Off the Shelf

Recent books with Harvard connections

Modern Liberty and the Limits of Government, by Charles Fried, Beneficial professor of law (Norton, $24.95). Fried assesses individual liberty in the welfare state, its two most potent rival ideals —equality and community—and the government regulations that support and menace it. This accessible book is part of the Issues of Our Time series edited by Fletcher University Professor Henry Louis Gates Jr. In book-jacket endorsements, Cogan University Professor Stephen Greenblatt, who disagrees broadly with Fried, calls the book “vexingly invigorating,” and former New York Times columnist Anthony Lewis ’48, Nf ’57, writes, “He means to be provocative and is, making us think about profound issues.”


Take Me to the River: A Wayward and Perilous Journey to the World Series of Poker, by Peter Alson ’77 (Atria Books, $24). Seasoned player Alson goes to Vegas for the Big Game in hopes of winning enough to pay for his wedding, and is pretty funny about it along the way.


Men: Evolutionary and Life History, by Richard G. Bribiescas, Ph.D. ’97 (Harvard University Press, $28.95). The author, an assistant professor of anthropology at Yale, came across an Ache man in Paraguay wearing a baseball cap that said, in English, “There are three stages to a man’s life: Stud, Dud, Thud.” That sums it up well, writes Bribiescas, offering insights into why boys will be boys.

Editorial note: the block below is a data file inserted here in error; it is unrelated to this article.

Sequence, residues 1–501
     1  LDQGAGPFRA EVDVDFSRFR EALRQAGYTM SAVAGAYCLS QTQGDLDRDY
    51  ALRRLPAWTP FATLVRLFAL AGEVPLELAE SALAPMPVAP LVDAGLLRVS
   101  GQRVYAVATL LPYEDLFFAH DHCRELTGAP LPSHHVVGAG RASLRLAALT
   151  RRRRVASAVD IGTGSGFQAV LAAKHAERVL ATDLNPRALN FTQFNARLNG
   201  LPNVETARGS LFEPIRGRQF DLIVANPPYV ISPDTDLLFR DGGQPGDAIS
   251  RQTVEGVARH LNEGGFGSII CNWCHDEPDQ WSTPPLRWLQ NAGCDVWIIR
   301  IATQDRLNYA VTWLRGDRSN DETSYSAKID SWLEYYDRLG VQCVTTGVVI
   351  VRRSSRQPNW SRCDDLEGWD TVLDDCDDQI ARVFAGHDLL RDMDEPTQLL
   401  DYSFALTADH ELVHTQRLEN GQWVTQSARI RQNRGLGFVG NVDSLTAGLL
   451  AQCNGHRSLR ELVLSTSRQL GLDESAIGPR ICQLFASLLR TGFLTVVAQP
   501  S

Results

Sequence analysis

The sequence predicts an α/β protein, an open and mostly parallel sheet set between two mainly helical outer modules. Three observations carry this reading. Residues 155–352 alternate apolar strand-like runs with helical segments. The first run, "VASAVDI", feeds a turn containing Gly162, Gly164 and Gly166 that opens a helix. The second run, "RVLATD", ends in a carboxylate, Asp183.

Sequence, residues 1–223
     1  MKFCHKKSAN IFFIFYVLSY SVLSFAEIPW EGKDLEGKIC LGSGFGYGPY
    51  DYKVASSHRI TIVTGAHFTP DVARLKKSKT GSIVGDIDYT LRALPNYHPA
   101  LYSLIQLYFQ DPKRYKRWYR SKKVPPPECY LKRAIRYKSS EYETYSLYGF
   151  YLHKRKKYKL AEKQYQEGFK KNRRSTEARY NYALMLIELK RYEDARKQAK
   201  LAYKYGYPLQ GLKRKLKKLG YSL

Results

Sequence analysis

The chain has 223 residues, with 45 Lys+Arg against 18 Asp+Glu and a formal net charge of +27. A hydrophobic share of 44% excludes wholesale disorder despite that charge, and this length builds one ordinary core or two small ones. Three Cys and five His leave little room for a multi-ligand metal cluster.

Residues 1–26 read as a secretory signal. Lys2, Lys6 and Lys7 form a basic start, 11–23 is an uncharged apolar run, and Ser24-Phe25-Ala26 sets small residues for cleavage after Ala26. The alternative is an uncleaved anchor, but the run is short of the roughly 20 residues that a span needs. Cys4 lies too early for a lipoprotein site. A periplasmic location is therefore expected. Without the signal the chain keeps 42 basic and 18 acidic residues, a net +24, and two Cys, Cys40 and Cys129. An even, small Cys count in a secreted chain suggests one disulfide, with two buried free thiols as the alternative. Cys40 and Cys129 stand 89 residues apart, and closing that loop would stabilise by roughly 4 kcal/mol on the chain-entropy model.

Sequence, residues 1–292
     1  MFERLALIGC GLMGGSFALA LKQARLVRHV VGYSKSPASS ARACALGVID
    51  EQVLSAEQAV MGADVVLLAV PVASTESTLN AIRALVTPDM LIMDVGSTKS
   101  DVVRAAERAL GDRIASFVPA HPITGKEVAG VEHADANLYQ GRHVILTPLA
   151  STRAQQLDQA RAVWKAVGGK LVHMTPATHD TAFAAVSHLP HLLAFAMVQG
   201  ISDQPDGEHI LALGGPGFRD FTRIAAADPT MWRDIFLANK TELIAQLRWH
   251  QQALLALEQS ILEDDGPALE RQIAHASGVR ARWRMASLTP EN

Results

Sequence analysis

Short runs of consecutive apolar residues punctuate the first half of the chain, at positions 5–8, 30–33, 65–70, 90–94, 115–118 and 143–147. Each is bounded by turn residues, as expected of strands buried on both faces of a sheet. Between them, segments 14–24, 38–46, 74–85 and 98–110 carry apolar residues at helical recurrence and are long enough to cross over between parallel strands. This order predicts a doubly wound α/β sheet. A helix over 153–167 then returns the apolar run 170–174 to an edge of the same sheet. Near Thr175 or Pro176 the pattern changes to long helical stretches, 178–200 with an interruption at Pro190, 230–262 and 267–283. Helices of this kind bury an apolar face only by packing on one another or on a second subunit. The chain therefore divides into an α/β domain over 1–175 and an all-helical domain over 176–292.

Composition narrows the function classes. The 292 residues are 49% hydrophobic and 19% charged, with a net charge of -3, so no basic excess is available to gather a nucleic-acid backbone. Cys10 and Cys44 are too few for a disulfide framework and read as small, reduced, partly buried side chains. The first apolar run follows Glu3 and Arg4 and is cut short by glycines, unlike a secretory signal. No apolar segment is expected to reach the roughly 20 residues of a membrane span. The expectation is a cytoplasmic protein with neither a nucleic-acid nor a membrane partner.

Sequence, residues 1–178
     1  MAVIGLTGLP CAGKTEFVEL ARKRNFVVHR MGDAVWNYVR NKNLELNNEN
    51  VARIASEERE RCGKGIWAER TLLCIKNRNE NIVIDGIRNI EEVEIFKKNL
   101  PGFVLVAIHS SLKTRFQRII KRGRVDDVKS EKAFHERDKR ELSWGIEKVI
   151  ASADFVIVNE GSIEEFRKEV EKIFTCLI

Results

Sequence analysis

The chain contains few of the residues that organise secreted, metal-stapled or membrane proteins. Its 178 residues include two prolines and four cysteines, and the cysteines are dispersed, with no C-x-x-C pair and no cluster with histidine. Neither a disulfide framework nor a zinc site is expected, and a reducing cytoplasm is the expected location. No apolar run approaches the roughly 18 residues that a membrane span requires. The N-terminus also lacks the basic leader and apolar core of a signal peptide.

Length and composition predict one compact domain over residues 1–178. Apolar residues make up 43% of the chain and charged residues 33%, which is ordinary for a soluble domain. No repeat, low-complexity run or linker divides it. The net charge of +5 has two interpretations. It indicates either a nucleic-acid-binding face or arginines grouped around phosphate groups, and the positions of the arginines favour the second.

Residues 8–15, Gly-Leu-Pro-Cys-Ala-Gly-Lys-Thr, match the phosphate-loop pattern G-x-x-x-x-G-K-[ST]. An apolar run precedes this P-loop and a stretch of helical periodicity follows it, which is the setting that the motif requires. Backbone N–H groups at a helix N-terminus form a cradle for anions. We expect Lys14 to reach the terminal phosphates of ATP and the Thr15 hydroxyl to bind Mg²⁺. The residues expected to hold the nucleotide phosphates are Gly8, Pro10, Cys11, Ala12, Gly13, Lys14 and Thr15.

American Islam: The Struggle for the Soul of a Religion, by Paul M. Barrett ’83, J.D. ’87 (Farrar, Straus & Giroux, $25). Islam is now a U.S. faith, with six million adherents in a subculture torn between moderation and extremism, as emerges in this lively group portrait. Barrett, now at Business Week, was formerly a reporter and editor at the Wall Street Journal.


I Feel Earthquakes More Often Than They Happen: Coming to California in the Age of Schwarzenegger, by Amy Wilentz ’76 (Simon & Schuster, $26). Wilentz moved to Los Angeles from Manhattan in 2003 and became “an expert on tremors real and imagined,” as she tells in this account of her explorations of California and where it stands.

The National Portrait Gallery, Smithsonian Institution: Gift Of Varina Webb Stewart


First Lady of the Confederacy: Varina Davis’s Civil War, by Joan E. Cashin, Ph.D. ’85 (Harvard University Press, $29.95). Varina Howell Davis, portrayed at left before her marriage, was the devoted wife of Jefferson D., president of the Confederacy, who was stiff, much older, and demanding. A complex, conflicted woman, pro-slavery but pro-Union, she moved to New York City after Jefferson’s death, became a friend of Julia Grant, widow of Ulysses S., and declared in print that the right side had won the war. Cashin is associate professor of history at Ohio State, writes well, and concludes in this first biography of Varina Davis that “her tenure as First Lady was for the most part a disaster.”


God Has a Dream: A Vision of Hope for Our Time, written and read by Desmond Tutu, LL.D. ’79 (Maui Media, a four-CD audiobook, $24.95). Love, laughter, and peace are his goals, as the archbishop offers an antidote to private suffering, the conflict in the Middle East, war in Iraq, and terrorism.

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